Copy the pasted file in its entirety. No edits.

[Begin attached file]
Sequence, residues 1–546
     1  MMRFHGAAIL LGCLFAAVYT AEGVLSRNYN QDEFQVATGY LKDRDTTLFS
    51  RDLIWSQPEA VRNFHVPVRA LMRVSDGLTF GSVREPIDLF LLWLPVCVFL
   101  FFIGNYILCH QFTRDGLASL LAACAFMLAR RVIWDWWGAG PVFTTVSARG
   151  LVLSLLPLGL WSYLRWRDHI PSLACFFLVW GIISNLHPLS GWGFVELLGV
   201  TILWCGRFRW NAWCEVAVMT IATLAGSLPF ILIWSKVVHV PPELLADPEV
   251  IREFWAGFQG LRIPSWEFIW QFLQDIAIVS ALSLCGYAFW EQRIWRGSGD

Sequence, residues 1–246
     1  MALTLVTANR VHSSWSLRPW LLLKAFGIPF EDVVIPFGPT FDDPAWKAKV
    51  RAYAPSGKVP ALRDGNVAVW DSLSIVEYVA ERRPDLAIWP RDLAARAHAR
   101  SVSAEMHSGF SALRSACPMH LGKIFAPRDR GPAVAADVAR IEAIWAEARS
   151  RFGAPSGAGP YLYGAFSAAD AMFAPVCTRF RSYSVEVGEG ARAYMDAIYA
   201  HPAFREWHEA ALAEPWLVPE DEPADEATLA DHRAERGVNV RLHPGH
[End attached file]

Sequence, residues 1–546
     1  MMRFHGAAIL LGCLFAAVYT AEGVLSRNYN QDEFQVATGY LKDRDTTLFS
    51  RDLIWSQPEA VRNFHVPVRA LMRVSDGLTF GSVREPIDLF LLWLPVCVFL
   101  FFIGNYILCH QFTRDGLASL LAACAFMLAR RVIWDWWGAG PVFTTVSARG
   151  LVLSLLPLGL WSYLRWRDHI PSLACFFLVW GIISNLHPLS GWGFVELLGV
   201  TILWCGRFRW NAWCEVAVMT IATLAGSLPF ILIWSKVVHV PPELLADPEV
   251  IREFWAGFQG LRIPSWEFIW QFLQDIAIVS ALSLCGYAFW EQRIWRGSGD

Sequence, residues 1–246
     1  MALTLVTANR VHSSWSLRPW LLLKAFGIPF EDVVIPFGPT FDDPAWKAKV
    51  RAYAPSGKVP ALRDGNVAVW DSLSIVEYVA ERRPDLAIWP RDLAARAHAR
   101  SVSAEMHSGF SALRSACPMH LGKIFAPRDR GPAVAADVAR IEAIWAEARS
   151  RFGAPSGAGP YLYGAFSAAD AMFAPVCTRF RSYSVEVGEG ARAYMDAIYA
   201  HPAFREWHEA ALAEPWLVPE DEPADEATLA DHRAERGVNV RLHPGH